Pharmacologic Management of Insomnia

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Pharmacotherapy is indicated for many types of insomnia, most notably transient insomnia associated with stress, acute illness, or jet lag. Many patients with chronic insomnia, including primary insomnia and insomnia secondary to a variety of medical and psychiatric disorders, also benefit from pharmacotherapy. Relatively few individuals receive prescription medication to help them sleep, and the majority use medication for a few nights to several weeks, as opposed to continuous use for months or years. The hypnotics available on the U.S. market today are benzodiazepine receptor agonists (BZRAs). The BZRAs are efficacious in reducing sleep latency, increasing total sleep time, reducing awakenings, and improving sleep quality without the development of tolerance in studies as long as 6 months. Side effects of the BZRAs are infrequent, dose-related, and related to the sedative properties of the drug. Sedating antidepressants are also frequently prescribed to promote sleep despite inadequate data to support their efficacy for this indication and a greater potential for clinically troublesome side effects.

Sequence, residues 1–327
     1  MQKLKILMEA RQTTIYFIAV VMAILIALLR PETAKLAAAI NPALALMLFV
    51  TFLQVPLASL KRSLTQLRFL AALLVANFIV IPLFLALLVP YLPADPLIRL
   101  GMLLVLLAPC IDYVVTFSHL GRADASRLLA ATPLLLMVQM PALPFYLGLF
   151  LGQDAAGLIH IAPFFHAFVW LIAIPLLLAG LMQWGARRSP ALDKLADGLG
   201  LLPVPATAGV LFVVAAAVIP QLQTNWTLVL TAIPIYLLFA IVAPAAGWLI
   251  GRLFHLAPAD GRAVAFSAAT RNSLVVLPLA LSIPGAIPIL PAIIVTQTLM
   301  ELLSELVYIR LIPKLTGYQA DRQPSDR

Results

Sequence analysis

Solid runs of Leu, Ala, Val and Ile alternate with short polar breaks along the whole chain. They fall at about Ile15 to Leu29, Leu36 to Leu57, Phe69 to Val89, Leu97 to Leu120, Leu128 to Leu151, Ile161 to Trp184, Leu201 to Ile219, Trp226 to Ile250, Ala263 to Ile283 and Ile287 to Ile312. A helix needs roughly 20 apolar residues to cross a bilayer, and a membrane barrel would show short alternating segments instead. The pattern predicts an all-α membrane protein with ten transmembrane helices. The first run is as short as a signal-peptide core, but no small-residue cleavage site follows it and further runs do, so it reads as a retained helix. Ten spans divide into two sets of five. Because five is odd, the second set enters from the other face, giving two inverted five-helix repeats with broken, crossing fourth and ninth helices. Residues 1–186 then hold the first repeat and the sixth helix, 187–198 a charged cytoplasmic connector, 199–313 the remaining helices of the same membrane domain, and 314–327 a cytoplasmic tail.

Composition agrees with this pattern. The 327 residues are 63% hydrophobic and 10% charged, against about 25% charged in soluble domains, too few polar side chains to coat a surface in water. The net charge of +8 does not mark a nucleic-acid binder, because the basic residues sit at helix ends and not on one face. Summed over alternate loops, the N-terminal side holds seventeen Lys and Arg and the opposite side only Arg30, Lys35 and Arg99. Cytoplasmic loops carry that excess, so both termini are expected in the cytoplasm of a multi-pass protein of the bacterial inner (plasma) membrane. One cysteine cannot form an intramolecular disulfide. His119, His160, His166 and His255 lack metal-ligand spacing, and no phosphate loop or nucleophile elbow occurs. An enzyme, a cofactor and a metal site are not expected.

J Clin Psychiatry 2004;65(suppl 16):41-45